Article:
Third through ninth grade public school students take the new STAAR test today, for the first time. KERA’s Bill Zeeble has more on the “end of course” State of Texas Assessment of Academic Readiness tests.
It’s been roughly five years in the making, these newly-tweaked state tests that will eventually count for fifteen percent of student’s final grade. But not yet, says Debbie Ratcliffe, with the Texas Education Agency.
Ratcliffe: No doubt remember, districts can defer for one year the provision that requires the “end of course score” to count fifteen percent of the student’s grades.
That’s because districts and parents were worried bad grades could hurt student scores and school ratings. Ratcliffe says 520 school districts have deferred so far. She expects the remaining 700 or so will do so before the May 1st deadline. That means just about every district in the state, including Dallas and Fort Worth ISDs.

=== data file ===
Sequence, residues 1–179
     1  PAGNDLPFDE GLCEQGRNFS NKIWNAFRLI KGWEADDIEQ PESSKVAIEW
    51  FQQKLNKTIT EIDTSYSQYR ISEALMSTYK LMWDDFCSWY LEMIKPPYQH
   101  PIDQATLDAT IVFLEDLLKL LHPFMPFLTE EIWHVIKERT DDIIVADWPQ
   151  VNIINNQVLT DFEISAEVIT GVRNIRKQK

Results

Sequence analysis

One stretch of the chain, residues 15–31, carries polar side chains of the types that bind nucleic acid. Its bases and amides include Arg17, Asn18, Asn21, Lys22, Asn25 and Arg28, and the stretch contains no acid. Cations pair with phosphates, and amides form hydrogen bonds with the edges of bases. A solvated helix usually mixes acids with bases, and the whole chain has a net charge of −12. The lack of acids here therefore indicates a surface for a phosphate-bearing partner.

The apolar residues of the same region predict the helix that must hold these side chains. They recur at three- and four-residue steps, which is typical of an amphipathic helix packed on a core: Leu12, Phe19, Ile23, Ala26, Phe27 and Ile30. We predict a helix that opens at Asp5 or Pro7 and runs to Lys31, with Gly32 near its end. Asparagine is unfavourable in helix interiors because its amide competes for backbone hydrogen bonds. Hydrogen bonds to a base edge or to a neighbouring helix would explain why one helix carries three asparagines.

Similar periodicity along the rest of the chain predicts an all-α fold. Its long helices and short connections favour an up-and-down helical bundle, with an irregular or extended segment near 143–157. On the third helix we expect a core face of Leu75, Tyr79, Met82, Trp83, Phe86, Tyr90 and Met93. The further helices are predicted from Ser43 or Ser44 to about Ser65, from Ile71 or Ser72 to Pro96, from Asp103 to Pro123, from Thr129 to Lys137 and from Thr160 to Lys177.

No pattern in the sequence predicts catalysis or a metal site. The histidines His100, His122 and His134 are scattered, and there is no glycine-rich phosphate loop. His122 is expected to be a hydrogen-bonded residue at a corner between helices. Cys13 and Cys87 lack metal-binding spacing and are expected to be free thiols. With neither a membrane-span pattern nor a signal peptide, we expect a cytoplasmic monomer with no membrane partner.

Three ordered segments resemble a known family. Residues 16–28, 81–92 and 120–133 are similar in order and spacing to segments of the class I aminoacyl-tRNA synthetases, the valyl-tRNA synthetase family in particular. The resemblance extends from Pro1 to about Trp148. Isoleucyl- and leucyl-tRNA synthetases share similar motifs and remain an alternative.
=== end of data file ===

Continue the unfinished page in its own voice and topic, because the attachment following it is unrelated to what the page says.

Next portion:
Officials also warn that while tests won’t count this year, eventually they will for current 9th graders. That’s because four years from now, their Freshmen scores will be averaged into the graduating score. So TEA officials urge all students do the best they can, every time.
There will also be more tests than the old TAKS tests. And, they’ll be harder, according to Vincent Reyes. He’s, DISD’s Executive Director for Curriculum and Instruction.
Reyes: The reason the exams are more difficult is that they will measure better how well prepared our students are to meet the challenges of college, starting even at the 3rd grade level.
Reyes says that grade’s STAAR tests will also focus on that year’s course work. He says that fact sets it apart from past tests as well.